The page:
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Starting up - from IT support to contract hires

April 2, 2019


So my computer died this week. It's less than six months old and it's staring at me with the black face of death. Three hours of manufacturer support couldn't resurrect the poor bugger. It hadn't been particularly overworked, I hold all of my data in various cloud storage facilities. I mean I do work long hours but I hadn't maxed out on its capabilities, storage or even downloaded much software, mostly because I don't need to as nearly all applications that I use are based on a cloud platform. The thing that sent it over the edge was an automatic software update that I had no control over installing. The end result was that my money was refunded as I was expected to pay the difference to buy a newer model. Customer service was shocking. I was passed from pillar to post between reseller and manufacturer. A total of seven hours of my day was spent calling one company, before being told that I needed to contact another.  7 hours. I run my own business. I don't have time for this! Whatever is the outcome, I won't be buying the same brand again.

One thing it did remind me of is the importance to back up your system regularly, for some reason, no default existed on mine. I'm quite handy with IT, even more important if you are working for yourself but even as I searched through the options, I could see that something had removed some vital components on my machine. The hard drive had gone. What?


So if you're embarking on a solo adventure, be that freelance, sole trader or setting up your company, we have detailed some of our top things to think about when setting up:

1. Invest in good quality antivirus software - make sure it is the right software to meet your needs, check whether your operating system needs 32-bit or 64-bit and buy the correct package to match.

2. Back up your files, regularly. Even if you use cloud services, keep a copy stored on a secure separate hard drive. Remember that you should only keep the customer data that you need and use for the time period that you need it for to be GDPR compliant.  As for projects you have completed, hold them for a min of three years before securely destroying files. Obviously if you work in other sectors, such as finance/law you may be required to keep these for a minimum of six years or have other requirements. Your company accounts should be held for six too


3. Ensure your own website is HTTPS secure and invest in SSL certification, especially if you are collecting customer's data on your website. If you are collecting data payment details via your site, make sure you have the appropriate security to keep your customer's data as secure as you possibly can. Make sure you are familiar with GDPR requirements, if you ask people to sign up from your website. When did they sign up? Do you have clear consent that they have opted *IN* to your newsletter or communications? Do you make it easy and clear to them, whenever you communicate with them, how they can opt out? Failure to offer proper security via your site can lead to big fines, if your site is hacked and your customer data compromised.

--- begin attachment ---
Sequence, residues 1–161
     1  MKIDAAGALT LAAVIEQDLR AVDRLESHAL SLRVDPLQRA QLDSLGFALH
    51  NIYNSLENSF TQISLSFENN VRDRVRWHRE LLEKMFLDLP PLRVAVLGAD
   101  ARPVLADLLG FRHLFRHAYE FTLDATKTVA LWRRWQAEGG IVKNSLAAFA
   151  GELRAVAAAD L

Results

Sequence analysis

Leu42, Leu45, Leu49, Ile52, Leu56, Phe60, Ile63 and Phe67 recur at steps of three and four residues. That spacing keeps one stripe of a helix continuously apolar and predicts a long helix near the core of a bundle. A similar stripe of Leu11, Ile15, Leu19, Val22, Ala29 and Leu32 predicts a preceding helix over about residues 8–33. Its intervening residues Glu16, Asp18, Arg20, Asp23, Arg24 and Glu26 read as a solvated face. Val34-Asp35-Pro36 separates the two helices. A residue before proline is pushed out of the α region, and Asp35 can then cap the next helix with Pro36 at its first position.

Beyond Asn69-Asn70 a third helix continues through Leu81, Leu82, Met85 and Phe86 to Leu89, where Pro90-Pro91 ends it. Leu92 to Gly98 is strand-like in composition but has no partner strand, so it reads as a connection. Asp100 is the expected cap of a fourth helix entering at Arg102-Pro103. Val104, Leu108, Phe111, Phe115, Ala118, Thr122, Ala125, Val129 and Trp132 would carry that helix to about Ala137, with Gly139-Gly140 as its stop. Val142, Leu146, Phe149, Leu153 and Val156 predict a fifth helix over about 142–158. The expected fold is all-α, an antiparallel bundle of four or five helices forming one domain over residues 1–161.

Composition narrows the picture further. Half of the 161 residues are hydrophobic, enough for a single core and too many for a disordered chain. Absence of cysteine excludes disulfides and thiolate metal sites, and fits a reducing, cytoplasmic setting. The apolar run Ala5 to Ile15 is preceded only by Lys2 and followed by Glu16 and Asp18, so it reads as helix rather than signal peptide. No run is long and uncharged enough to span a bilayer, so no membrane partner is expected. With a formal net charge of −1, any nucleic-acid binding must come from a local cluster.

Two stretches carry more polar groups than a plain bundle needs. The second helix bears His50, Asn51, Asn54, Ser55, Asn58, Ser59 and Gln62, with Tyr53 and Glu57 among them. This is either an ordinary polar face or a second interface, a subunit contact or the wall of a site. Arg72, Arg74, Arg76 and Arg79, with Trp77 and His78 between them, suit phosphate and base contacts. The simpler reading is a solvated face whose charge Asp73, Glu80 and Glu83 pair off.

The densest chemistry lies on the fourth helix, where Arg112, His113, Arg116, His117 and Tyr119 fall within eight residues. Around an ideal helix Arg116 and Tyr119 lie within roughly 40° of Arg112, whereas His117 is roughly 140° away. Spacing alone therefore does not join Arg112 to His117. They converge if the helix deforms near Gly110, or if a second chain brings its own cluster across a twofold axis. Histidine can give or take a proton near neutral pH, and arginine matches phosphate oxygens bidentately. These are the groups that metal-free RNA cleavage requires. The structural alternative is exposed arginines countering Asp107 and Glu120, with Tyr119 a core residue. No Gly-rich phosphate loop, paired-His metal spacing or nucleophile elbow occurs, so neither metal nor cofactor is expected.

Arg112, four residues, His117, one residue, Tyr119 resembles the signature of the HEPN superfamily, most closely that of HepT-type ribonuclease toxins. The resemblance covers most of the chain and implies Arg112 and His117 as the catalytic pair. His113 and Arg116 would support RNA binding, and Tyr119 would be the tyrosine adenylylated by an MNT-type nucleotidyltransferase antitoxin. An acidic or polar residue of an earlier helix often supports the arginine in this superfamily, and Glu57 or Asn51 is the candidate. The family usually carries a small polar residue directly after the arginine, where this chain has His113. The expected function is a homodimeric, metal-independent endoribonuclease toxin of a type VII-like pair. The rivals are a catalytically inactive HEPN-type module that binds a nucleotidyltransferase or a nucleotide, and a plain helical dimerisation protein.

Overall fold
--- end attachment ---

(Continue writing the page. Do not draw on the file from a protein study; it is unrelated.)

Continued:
4. GRPR rules will soon be applying to business data as well as employee data, so if you were thinking this is all another re-write of consumer data protection and doesn't apply - think again.


5. Cyber security. These days this is just vital. With so many connected devices and IoT (Internet of Things), from printers and security cameras, if you don't have a secure security network that these are connected to, then they become an easy target for hackers. That could take your business off-line and it puts your customer data at risk. 


6. Invest in a good quality CRM (customer relationship management) database. Ideally one which integrates with your email client. There are many available on the market that can integrate with Google and Outlook, ensuring that you can track your sales pipeline and keep your customer data secure. Spreadsheets are for numbers.


7. Keep on top of your invoicing and record keeping, and set up a business bank account to keep all of your payments traceable and separate from your own personal ones. You should have clear reporting for these and look at investing in an accountant to complete your tax returns and file them for you at the end of the year.


8. Make sure you have appropriate terms of business for your client relationships and contacts. If it is the first time that you are working for them, it is common to ask for half of the project fee as an initial payment up front. Make sure these terms are signed, before you start the work, otherwise you may find yourself in an expensive situation. 


9. Do the research. Whatever you invest in for your business, make sure you spend some time researching whether your target market will be interested in it. You should also stay on top of what the competition are doing and offering. Be that from a pricing persepctive or services/products/packages. One product to help you stay ahead from a SEO and Adwords perspective is using a provider like SERPstat


10. Looking to hire a contractor or freelancer? Then try a platform like People Per Hour where you can find a range of freelancers and contractors. You can also review a freelancer's reviews from clients that they have worked with, so you get a bit more information on them. 


Looking for digital marketing support, or something more strategic? Take a look around our site to see how we have been helping clients with their marketing. Get in contact so we can have a chat about how we can help you with your next marketing project.




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